EVERYTHING IS NOT AWESOME

The science of why stepping on Legos makes you want to die

“I hope you step on a Lego” is such an apt curse that it has become a meme. Pages upon pages of YouTube videos detail the experience’s excruciating agony.

The comedian Steve Ranazzissi perhaps described the moment the best: “Last week I stepped on a Lego with my bare foot and I almost murdered my whole family.”

But why are the Lego blocks your 4-year-old leaves strewn around such nuggets of hell under the soles of your feet? And how does she manage to trip through them herself and continue on her merry way unscathed? Well, science has the answer.

There are a few factors that come together to make this such a painful experience, wrote Karl Smallwood of Today I Found Out (via Yahoo). First of all, the sole of the foot is highly sensitive to pain (and tickling), because of the many nerve endings there that convey information and help keep the body balanced.

And those plastic blocks are designed to be pretty astonishingly hard, with sharp corners to boot. You could apply 950 lbs, or stack 375,000 lego bricks, before one would crack. That means that as your foot stomps down on a block, the plastic doesn’t crack or crumble, its tiny evil ridges remaining intact as they dig into the ball of your foot.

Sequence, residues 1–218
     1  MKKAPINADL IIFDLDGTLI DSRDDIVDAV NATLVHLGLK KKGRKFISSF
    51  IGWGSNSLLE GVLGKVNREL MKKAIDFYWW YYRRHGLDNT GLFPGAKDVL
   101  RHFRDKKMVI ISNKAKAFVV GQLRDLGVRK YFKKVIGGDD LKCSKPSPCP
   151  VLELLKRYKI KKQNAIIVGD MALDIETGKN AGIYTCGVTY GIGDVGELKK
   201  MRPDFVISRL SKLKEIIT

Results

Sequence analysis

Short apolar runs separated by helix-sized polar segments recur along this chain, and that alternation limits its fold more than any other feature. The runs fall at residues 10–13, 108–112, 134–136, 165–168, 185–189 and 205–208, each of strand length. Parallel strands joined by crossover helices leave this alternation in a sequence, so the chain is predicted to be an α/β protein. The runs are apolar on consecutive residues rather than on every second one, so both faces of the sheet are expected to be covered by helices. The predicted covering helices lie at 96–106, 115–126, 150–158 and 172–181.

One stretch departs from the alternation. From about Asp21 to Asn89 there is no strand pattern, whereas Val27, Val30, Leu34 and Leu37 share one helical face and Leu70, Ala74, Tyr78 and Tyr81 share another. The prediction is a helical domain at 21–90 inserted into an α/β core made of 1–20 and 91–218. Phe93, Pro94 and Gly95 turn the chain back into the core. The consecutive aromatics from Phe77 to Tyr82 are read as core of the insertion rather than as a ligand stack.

The sharp corners also exacerbate the pain, New York University physics professor Tycho Sleator tells Quartz via email. Pressure is equal to the amount of force divided by the area to which that force is applied, he explains. “When you step on something with a sharp corner, the force from the corner is concentrated over a very small region of your foot. This would result in a very high pressure on that small region of your foot.”

That also means that Lego encounters probably hurt you more than they do your lighter-weight kid, because the surface of the Lego matches the amount of pressure bearing down on it. When walking, that isn’t just the pressure of gravity: Movement multiplies your standing weight. For example, you might be exerting pressure of up to twice your body weight with each step just by walking, and running produces pressure of up to nine times your weight.

And of course, there’s the ubiquity of Lego bricks, which parents know tend to lurk in the shadows of play areas around the world. The company points out that, laid end to end, 45.7 billion Lego bricks sold in 2012 alone would stretch around Earth more than 18 times.

Legos don’t seem to be disappearing any time soon—the company’s net profit increased by 15% last year, compared to the year before. But there is one way of averting this menace: Just store your Legos right in the first place.

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